LACMA launches new collection site with 20k public domain images

The Los Angeles County Museum of art said on their Tumblr on Friday “Dear Tumblr-verse, Merry Christmas: we just gave you 20,000 high-resolution images, for free. Now we have just one question: what are you going to do with them?” This announcement is a next step in LACMA’s ongoing experiment to open up more of their collections to the public, via the public domain. They have more discussion and explanation on their WordPress blog. Do any search on their new collections website and you can limit your search to only those with unrestricted images. And then you can take those images and do… whatever you want. There is still a wordy Terms of Use page that people may want to dig through but the upshot is that folks should go use these photos, for anything. Stick them in Wikipedia, use them on your flyers and blog posts, use them for your album covers, put them on a t-shirt. Thanks for trusting the public, LACMA. Lovely stuff. Here’s the pull quote from their website that sums up why they did this.

Why would a museum give away images of its art? As Michael Govan often says, it’s because our mission is to care for and share those works of art with the broadest possible public. The logical, radical extension of that is to open up our treasure trove of images. When we first launched our early experiment with giving images away online, we heard a resoundingly positive response from many quarters: school teachers, parents, graduate students, journalists and the occasional creative person interested in printing their own Mother’s Day cards. So far, we have yet to hear of a situation where one of our public domain artworks has been misused or abused.

2010 in libraries

Because I am a detail-oriented nerd, I track the libraries that I visit. I usually take pictures if I can. Here is my post about the 2009 visits. I’m still using Daytum to track visits and I learned they just came out with an iphone app last month. I went to twenty-six different libraries for fifty-five visits total, I’m sure I have forgotten some. Here’s the short annotated list of what I was doing in libraries last year. I have a few library photos in this Flickr photoset.

  • Kimball Public library (18) – my hometown library where I often worked this year.
  • Hartness/Randolph (10) – the local academic library, open late, great DVD collection.
  • Howe/Hanover (2) – my favorite bigger town library, so comfy, so lovely.
  • Boxboro MA (2) – my Mom’s library, great for unwinding.
  • Loussac/Anchorage Pl AK(2) – went here twice when I was at AKLA, neat architecture, busy place.
  • Chelmsford MA(1) – came to see Brian, stayed to do work.
  • Surprise AZ (1) – on a tour with my boyfriend’s parents. Neat libraries, so unlike New England libraries.
  • Stowe Free VT(1) – former workplace of my great library pal Stephanie.
  • New Bedford Pl MA(1) – I was on a weird research quest and they helped me out.
  • Montpelier VT(1) – popping in to check email, lovely old wood in here.
  • Burnahm Library, Colchester VT (1) – on a 251 club drive, nifty busy library.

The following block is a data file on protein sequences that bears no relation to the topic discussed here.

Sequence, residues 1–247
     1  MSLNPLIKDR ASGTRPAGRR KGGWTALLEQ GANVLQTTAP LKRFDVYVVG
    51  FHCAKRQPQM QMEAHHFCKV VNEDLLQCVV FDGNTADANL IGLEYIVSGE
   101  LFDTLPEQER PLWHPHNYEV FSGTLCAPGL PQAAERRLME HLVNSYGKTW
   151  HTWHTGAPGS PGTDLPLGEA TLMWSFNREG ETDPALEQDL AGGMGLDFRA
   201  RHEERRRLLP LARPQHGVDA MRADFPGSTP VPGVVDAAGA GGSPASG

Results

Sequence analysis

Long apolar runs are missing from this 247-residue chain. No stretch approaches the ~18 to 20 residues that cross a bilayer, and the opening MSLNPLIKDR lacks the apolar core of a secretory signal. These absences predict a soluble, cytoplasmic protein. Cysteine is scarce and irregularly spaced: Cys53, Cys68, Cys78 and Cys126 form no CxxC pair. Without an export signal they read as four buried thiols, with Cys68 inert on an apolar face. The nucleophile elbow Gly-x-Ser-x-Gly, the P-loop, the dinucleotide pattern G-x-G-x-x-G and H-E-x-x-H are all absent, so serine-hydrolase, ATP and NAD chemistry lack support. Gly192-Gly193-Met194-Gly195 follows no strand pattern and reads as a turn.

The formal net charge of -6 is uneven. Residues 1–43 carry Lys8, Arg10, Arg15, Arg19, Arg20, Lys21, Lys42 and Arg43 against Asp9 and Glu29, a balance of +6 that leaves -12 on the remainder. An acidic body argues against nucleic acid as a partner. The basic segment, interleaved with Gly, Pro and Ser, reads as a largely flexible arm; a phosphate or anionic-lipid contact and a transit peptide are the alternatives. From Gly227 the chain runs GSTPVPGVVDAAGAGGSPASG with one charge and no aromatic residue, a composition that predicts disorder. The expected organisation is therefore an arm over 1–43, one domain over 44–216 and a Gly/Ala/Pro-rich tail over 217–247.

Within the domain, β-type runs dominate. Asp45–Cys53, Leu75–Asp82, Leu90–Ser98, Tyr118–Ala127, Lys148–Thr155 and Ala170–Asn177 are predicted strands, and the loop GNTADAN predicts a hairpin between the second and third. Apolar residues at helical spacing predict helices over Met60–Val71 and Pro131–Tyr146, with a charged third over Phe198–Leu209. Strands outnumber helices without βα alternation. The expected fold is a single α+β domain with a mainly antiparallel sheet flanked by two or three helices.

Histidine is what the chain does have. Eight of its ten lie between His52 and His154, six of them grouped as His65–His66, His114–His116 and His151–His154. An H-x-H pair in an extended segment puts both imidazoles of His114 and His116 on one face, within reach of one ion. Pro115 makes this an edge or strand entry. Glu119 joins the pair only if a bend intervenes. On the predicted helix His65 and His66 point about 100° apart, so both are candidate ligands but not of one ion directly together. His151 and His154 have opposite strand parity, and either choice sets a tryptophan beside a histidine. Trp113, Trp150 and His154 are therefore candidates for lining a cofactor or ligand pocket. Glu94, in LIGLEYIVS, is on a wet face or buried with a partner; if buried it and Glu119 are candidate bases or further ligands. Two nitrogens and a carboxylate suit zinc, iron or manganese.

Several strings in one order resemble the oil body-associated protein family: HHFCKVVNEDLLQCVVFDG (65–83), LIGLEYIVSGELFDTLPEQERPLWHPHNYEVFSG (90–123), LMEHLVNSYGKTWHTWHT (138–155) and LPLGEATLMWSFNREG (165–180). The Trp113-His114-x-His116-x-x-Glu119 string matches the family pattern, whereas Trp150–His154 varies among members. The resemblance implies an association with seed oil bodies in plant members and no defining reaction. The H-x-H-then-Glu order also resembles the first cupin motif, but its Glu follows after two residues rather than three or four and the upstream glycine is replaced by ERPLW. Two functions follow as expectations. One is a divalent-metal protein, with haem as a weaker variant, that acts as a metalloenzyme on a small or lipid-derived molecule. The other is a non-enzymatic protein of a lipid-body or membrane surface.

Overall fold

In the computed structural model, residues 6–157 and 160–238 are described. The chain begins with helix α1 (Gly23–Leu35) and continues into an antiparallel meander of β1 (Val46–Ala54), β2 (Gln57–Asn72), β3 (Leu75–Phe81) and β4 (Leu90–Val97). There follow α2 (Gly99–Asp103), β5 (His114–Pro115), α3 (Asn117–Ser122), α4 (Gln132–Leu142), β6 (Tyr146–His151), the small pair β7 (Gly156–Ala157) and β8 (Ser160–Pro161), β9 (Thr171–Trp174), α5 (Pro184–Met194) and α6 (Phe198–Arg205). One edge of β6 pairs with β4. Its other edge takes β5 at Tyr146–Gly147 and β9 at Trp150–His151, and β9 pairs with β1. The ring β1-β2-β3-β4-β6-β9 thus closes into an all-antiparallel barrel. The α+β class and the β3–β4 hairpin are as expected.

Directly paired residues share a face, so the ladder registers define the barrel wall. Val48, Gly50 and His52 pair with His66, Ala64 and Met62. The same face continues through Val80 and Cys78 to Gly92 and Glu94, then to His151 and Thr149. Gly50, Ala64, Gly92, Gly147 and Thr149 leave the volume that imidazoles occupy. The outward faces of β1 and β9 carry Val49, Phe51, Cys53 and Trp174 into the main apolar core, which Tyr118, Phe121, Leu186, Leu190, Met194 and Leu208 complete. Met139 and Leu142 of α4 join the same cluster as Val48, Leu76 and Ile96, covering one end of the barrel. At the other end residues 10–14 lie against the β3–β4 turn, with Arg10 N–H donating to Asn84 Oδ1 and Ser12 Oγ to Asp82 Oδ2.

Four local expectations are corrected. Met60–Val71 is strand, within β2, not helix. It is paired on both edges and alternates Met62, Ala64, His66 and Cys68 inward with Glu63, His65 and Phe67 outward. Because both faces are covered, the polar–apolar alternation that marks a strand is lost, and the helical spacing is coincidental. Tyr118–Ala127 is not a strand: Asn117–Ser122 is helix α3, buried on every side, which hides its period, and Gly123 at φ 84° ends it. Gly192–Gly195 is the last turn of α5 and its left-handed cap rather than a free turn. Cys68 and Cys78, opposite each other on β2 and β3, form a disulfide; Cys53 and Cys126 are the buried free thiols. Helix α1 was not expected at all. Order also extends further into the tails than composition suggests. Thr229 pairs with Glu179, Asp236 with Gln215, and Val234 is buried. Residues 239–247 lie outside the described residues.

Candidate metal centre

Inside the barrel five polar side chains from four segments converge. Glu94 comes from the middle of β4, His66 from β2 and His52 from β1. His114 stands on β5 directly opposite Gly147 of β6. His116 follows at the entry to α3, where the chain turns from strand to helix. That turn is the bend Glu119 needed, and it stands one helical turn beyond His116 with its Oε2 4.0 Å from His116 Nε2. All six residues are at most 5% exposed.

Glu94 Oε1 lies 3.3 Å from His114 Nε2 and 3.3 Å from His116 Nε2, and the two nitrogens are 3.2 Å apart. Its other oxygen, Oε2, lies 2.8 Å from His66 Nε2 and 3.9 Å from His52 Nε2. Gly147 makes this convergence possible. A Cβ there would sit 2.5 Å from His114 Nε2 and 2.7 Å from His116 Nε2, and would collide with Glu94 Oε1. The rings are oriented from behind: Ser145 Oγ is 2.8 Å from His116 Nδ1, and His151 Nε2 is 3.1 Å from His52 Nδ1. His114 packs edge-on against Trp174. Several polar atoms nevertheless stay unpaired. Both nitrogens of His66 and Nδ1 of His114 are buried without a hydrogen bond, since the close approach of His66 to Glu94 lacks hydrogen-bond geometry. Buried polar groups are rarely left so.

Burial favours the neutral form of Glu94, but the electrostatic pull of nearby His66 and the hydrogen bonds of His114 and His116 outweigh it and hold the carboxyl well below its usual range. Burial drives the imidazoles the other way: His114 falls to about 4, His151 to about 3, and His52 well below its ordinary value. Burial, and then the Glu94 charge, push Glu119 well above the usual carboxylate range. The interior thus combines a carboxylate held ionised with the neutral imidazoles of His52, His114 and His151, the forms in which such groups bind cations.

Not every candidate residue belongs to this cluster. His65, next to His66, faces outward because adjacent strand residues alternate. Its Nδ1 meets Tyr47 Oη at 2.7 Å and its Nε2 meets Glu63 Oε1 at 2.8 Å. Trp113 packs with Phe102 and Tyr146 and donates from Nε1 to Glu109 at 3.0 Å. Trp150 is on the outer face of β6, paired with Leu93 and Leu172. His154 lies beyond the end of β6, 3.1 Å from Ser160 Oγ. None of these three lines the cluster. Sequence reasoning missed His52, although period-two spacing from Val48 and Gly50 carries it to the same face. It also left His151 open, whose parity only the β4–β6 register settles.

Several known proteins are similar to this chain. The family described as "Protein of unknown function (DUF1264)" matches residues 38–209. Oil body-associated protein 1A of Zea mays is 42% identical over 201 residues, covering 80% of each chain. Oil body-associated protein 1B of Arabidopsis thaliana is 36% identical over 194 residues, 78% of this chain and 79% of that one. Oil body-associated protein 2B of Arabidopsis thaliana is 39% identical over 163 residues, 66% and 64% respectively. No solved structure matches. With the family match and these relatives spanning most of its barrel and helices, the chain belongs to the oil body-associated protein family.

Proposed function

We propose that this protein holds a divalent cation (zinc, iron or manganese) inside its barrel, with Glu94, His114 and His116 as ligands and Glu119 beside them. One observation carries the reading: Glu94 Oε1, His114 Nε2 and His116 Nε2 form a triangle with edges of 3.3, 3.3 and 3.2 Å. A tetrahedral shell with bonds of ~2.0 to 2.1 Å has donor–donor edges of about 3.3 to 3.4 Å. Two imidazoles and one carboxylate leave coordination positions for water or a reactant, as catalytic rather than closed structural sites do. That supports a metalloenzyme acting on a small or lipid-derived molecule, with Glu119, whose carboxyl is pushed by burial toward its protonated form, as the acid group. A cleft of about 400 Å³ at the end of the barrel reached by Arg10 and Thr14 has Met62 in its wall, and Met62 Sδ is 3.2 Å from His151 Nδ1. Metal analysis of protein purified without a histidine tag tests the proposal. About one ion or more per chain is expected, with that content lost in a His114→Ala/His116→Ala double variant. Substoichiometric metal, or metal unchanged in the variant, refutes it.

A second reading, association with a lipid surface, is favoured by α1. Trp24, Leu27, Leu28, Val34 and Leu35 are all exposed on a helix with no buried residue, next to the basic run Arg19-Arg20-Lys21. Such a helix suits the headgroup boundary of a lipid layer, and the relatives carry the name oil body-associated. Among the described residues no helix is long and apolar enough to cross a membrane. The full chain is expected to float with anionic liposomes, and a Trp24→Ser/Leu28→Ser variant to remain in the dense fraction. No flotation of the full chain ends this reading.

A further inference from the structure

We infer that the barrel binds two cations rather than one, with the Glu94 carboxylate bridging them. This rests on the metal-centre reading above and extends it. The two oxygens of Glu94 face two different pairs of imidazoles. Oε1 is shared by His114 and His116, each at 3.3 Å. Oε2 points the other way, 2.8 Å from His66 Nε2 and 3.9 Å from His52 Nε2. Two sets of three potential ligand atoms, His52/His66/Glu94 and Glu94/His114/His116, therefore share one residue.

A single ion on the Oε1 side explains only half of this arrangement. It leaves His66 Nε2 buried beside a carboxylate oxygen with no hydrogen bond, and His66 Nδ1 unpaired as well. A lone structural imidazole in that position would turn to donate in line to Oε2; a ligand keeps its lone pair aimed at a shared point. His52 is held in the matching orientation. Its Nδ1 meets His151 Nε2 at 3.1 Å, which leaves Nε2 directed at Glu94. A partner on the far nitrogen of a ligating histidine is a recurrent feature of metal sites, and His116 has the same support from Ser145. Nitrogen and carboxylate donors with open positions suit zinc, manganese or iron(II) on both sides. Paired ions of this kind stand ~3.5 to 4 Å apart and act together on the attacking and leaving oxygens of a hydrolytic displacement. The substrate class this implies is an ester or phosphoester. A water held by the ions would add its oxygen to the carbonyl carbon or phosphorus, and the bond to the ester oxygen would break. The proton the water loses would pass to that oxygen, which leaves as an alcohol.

• Goddard VT(1) – for a WordPress training, home library of my friend Helen.
  • Beatley/Simmons MA (1) – before I gave a public speaking workshop.
  • Cambridge (1) – walking distance from my boyfriend’s place, amazing renovation.
  • Peoria AZ (1) – modern and fancy but sort of empty.
  • Alling/Williston, VT (1) – fun history room and a snazzy bookmobile.
  • Fort Lauderdale Reading Center, FL (1) – a weird non-library in some ways, well-loved clearly.
  • Jericho/Deborah Rawson VT(1) – Fireplace and wifi, a great place.
  • Palm Beach State College, FL (1) – busy place, old-fashioned building but modern collection.
  • N Regional/Broward County Library, FL (1) – big and bustling, a little hectic.
  • Niceville Pl, FL (1) – fun design, nice people, memorable fish tank
  • Waterville NY (1) – doing great things, big lovely windows and light for a small place.
  • Lantana Public Library, FL(1) – old fashioned and full, great location.
  • Warren Branch, Indy (1) – super busy old style library/
  • Nat’l Archives – Waltham MA (1) – friendly staff helped make awkward renovations managable.
  • Maynard MA (1) – last library of the year, bright and busy w/ a great book sale.

secret rooms in libraries

One of the librarians showed me the secret room in the library if I’d write something about it. There is a secret room in the ceiling of VTC’s Hartness Library. Eames in the eaves You turn a key in a keyhole in a brick wall and a staircase descends from the ceiling with a great rumbling. Climing the stairs gets you into a disused room that used to be the bindery area but is now just used for storing shelves and old Eames chairs. It’s an odd and noisy room since it’s right next to the room where all the HVAC equipment is. They don’t use the room anymore because of ADA requirements and because it’s darned complicated to get into and out of when the library is open. I’ll add this freaky little room to my list of library attics and basements that I’ve been compiling. Places that don’t have elevators, places that are inaccessible or otherwise tough to get into. Thanks, Ben, for showing me another one. Here’s the list I can put together off the top of my head so far.

SECRET ROOM

links about some good and bad things in libraryland

First off, I’d like to point out this question from Ask MetaFilter which asks the age old question “I am trying to automate my small school/church/club library. What software should I use?” I gave a few answers, as did a few other people, but the short answer is “There’s no good tool for this” as near as I can tell. Please let me know if I’m wrong.

A few more links people sent me over the last week or so.